Tuesday, October 28, 2008

Hynes on Red Hook

Joe Hynes has a wonderful editorial on the Red Hook Community Justice Center in the Daily News today. Click here.
I spent this morning at QUEST. While I picked a lousy day to travel to Jamaica in terms of weather, once I got there, things couldn't have been better. Dave and the rest of the team are running a great program, with a compliance rate of 84 percent. We're also close to unveiling a new mental health initiative in Queens, to be known as QUEST Futures.

Friday, October 24, 2008

Cleaning Up Queens

Email of the week comes from Manny in Queens, who writes:

On October 18th, 2008 thirty six volunteers came out in the cold to paint the Queens Boulevard Pedestrian Bridge. This was a long awaited project, not just by Queens Community Cleanup, but by many local officials, business and residents as well. This bridge connects many of the Long Island City buses and trains to Sunnyside, in particular LaGuardia Community College, and Aviation High School.

Recently we asked City Councilmember Eric Gioia what projects he would like to see completed in Long Island City, and graffiti removal on this bridge was top on the list. We then approached the Department of Transportation for permission to paint the bridge, and after a few emails, and phone calls, not only did we have permission they donated all the paint for the project as well.

At first we weren’t sure if we would have enough time or paint to cover the entire bridge, which mind you is a quarter mile long, the support columns for the elevated train are also part of the bridge, and there is a wall on both sides of the bridge. So we at first focused on just covering the graffiti, but when our strong group of volunteers finished in record time, and we had paint to spare, we decided to go back and make it look brand new. So by the end of the day we painted over a half miles worth of walls, equaling approximately 10,000 square feet.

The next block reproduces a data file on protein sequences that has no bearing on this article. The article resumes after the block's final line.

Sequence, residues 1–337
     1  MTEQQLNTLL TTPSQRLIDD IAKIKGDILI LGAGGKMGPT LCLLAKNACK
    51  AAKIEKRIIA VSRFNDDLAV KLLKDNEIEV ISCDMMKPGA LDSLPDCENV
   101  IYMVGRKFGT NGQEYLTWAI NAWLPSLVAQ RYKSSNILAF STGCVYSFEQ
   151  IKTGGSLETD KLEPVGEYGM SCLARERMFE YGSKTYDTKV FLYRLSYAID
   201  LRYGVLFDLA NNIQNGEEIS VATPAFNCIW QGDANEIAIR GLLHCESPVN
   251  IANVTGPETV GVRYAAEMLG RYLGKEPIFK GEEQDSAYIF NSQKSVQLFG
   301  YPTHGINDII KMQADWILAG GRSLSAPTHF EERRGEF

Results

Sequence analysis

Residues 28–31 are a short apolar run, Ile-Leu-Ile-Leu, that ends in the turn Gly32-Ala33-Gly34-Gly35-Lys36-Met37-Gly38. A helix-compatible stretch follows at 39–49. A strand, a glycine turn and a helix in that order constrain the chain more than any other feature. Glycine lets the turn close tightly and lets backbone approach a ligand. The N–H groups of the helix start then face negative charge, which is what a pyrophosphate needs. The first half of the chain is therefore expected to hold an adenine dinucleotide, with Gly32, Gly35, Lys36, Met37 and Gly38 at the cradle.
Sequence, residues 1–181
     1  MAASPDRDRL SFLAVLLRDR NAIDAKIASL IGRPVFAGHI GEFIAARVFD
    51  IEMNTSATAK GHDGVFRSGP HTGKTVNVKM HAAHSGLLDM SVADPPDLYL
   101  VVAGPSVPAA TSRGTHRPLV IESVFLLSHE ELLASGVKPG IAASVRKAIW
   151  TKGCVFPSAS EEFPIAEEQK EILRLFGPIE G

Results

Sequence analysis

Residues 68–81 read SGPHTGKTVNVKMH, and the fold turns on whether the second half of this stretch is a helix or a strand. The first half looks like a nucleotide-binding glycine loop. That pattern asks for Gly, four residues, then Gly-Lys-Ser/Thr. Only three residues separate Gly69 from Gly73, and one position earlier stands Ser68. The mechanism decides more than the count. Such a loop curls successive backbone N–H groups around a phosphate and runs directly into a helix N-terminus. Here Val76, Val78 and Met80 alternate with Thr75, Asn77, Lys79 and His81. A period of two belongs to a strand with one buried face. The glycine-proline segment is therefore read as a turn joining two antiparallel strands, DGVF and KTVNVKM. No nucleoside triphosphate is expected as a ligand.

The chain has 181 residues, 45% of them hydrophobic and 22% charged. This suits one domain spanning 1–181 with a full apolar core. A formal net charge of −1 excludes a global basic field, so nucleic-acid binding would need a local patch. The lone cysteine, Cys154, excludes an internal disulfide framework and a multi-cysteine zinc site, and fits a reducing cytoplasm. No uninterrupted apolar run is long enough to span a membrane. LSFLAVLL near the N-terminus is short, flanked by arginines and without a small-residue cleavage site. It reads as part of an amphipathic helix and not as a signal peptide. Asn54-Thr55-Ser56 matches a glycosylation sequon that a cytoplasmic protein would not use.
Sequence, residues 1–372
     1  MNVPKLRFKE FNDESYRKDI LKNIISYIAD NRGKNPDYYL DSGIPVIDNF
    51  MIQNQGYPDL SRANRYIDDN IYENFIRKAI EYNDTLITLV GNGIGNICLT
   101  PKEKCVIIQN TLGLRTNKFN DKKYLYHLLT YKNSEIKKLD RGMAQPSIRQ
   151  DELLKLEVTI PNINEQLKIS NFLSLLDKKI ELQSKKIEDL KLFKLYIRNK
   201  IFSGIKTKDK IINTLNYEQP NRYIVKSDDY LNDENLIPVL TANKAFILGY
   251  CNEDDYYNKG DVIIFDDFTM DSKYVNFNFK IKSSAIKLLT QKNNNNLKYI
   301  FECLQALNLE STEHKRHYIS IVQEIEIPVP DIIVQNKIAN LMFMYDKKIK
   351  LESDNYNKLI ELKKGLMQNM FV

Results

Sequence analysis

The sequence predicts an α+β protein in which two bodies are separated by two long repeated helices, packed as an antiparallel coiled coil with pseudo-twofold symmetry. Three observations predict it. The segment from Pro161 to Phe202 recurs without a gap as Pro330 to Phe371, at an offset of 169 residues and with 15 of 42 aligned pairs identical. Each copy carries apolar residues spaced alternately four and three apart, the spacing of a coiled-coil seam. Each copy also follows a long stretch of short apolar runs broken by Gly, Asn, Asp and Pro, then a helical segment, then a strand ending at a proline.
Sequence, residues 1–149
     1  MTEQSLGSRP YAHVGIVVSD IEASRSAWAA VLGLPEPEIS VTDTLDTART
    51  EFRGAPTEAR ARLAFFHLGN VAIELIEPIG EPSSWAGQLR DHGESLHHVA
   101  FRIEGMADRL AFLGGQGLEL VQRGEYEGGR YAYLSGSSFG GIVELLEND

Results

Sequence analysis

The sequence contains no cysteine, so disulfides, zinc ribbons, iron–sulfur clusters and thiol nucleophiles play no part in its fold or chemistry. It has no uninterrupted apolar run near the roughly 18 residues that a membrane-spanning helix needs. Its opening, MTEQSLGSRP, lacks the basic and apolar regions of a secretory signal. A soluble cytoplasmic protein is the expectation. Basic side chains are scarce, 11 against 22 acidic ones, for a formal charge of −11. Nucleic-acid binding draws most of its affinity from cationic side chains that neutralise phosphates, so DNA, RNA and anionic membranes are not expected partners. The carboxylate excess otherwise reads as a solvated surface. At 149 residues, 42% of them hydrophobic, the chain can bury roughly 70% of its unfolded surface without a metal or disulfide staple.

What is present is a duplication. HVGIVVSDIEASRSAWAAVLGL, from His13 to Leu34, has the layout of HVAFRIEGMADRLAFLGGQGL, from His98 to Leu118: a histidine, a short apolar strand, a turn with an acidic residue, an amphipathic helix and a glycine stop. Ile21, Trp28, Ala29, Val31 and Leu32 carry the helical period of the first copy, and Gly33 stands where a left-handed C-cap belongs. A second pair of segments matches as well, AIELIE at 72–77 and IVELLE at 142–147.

I am very proud of the work we accomplished that day, and thankful for all the volunteers, and friends who came out and braved the cold to help make Long Island City, and better place to work, live and play.

Tuesday, October 21, 2008


Just a quick reminder that the folks at Midtown are organizing a benefit on Friday evening in an effort to help support their work with women caught up in the sex trade. It promises to be a fun event. For more info about how to attend, click here.

Monday, October 20, 2008

Gladwell on the Nature of Genius

At home today recovering from strep and catching up on my reading.